Why Doesn’t Asia have Religion?

Having spent the past 10 years writing and teaching on Asian religions, I now have something to confess:

Asia does not have religion.

“But what,” you may ask, “about that college class I took on ‘world religions?’ We learned about Hinduism, Confucianism, Daoism and Shinto. Half the class was about Asia.”

Between you and me, I hate that class. I hated it as a student, because I thought it didn’t make sense. I hate it even more as a professor, because I know it doesn’t make sense. Here’s why.

Think about the religions the Western world knows best: Judaism, Christianity and Islam. Whatever the differences that separate them, these three religions all share a great deal in common. Each one, for instance, is centered on a text — a holy and inviolate scripture. For Jews, Christians and Muslims, the sacred text is never wrong — although man’s interpretation of it often is. Based on this knowledge, it would seem sensible to assume that religion and scripture are inseparable. But in fact, the central role of scripture, like much of what we assume about “religion” as a concept, is uniquely Western.

The same applies to the rules about how religion functions in society. What the West knows best is its own religious history, which was shaped in large part by the question of where Christianity should fit into politics. As we all know, European kings once claimed to rule by divine right, at least until the age of the great revolutions came along and banished organized religion from political life. But the declining political prominence of Western Christianity was more than just a battle between kings, popes and the awakened masses; it was also mirrored by a new understanding of religion itself, a sense that God resides, not in the church, but in the heart of and soul of the believer. True religious belief thus came to be seen as somethng very personal. This understanding shapes our idea that religion does not belong in the public sphere (some countries like France take this idea very seriously), but also means we do not accept the validity of religious conversion made at the point of a gun. The freedom of religious conscience has taken on a global currency, and is now portrayed as a basic human right. It is the standard used by the United Nations, and most of the world pays lip service to it in at least some form. Whatever the reality, religious freedom is enshrined in the constitutions of Cuba and North Korea. At least on paper, even Iran formally accepts the existence of certain religious minorities.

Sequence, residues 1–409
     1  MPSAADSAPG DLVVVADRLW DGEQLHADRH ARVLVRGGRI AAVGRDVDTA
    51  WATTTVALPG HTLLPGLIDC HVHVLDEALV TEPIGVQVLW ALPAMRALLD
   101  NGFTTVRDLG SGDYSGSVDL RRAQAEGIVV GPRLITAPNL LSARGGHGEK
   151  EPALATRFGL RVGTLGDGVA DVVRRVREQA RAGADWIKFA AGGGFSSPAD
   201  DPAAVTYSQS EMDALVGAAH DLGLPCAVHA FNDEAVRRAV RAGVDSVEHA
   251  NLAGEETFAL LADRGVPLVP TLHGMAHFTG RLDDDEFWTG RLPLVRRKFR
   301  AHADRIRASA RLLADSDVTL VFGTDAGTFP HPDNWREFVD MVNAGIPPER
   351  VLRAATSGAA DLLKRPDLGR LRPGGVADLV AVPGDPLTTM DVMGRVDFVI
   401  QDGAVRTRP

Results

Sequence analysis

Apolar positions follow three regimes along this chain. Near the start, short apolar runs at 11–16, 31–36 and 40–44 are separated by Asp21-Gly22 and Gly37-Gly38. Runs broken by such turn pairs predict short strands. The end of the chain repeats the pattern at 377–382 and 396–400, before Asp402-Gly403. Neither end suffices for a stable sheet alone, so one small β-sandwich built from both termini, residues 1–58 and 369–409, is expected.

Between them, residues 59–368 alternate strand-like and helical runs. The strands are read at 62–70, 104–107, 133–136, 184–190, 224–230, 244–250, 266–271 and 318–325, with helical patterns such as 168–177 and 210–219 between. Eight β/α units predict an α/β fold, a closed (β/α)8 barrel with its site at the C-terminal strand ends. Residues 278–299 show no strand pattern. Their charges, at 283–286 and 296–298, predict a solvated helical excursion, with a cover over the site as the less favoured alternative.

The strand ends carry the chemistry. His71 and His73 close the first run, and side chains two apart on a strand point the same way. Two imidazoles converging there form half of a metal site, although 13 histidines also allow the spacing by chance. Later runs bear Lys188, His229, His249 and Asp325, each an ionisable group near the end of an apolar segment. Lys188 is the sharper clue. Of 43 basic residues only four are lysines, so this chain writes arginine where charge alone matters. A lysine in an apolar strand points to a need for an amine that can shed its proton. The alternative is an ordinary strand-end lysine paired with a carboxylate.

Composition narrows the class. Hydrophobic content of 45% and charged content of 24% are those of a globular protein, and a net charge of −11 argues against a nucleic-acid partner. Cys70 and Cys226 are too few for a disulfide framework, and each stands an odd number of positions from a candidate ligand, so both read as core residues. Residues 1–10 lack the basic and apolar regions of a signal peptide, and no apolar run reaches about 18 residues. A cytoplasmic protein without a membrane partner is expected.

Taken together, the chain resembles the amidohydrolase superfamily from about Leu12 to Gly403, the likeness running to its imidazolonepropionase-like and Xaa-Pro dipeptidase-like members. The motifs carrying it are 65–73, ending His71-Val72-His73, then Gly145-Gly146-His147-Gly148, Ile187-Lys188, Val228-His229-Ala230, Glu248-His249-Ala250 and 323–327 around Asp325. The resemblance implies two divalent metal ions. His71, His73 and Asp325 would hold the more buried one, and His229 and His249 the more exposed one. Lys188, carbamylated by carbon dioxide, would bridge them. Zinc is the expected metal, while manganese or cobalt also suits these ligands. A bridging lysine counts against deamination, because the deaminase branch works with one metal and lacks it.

The fact is that the Western idea of religion did not reach Asia until very recently. When it did, the concept was so foreign that many Asian languages had to invent a new word for it (specifically for making diplomatic treaties with the Western powers who insisted on a clause protecting “religious freedom”). This puts Asia’s own traditions into a strange bind. Even now, we face the problem in deciding just what to call the ideas of Confucius or the Buddha. Calling them “religions” clearly doesn’t work, because Asian traditions look and behave so differently from what we know in the West.

Daoists, for example, don’t have a Bible. In the entire canon of Daoist scripture, there is nothing that compares to the central role occupied by the sacred books of Western religion. Shinto has no scriptural tradition at all. Historically, East Asia has had far less religious conflict than the West, not because Asian religions are inherently any more peaceful, but rather because they have a very different concept of religious membership. In Western religions, affiliation is absolute: you cannot be a hyphenated Muslim-Jew, or a Christian-Hindu. Asian religions, in contrast, treat religious membership in more fluid terms. Everyone in China is to some degree influenced by Confucian ethics, but nobody would call himself a “Confucian.” Trying to fit Asian beliefs into Western categories produces the classic square peg-round hole scenario.

As always, one needs travel no further than “The Simpsons” for a good example. When Lisa’s quest for religious identity (driven by her dissatisfaction with the fictitious Presbylutheran congregation) led her to embrace Buddhism, she promptly shouted the epiphany, “I’m a Buddhist!” out her bedroom window. In doing so, she was actually echoing a classic Christian metaphor of religious belonging — the lightning-bolt conversion of Paul of Tarsus. Lisa may have been a Buddhist, but she became one in a very Christian way.

This is not merely a cartoon dilemma (pun very much intended). Our understanding of what religion is, what it should look like, and what role it should play in society all have real world ramifications. When political figures like Michele Bachmann cynically promise to outlaw shariah, they are doing more than merely repeating the mistaken assertion that the United States is foundationally a Christian nation, they are also making a broader statement about what constitutes legitimate religion. Such ideas may play well with American voters, but they compromise our ability to understand the world outside our borders, and tangibly harm our image abroad.

Perhaps the greatest irony of all is that many of those who reject religion themselves rely on this same limited definition. Religion is in no way inimical to science. Certain interpreters of Christianity may reject evolution and global warming. That is unfortunate, but it is neither representative nor exclusive. Pig-headedness is not unique to Christianity, or even to religion. Just like the anti-Islamic screed emerging from the political right, dumping everything we dislike about Christianity into a single bucket we call “religion” serves only to muddy the waters.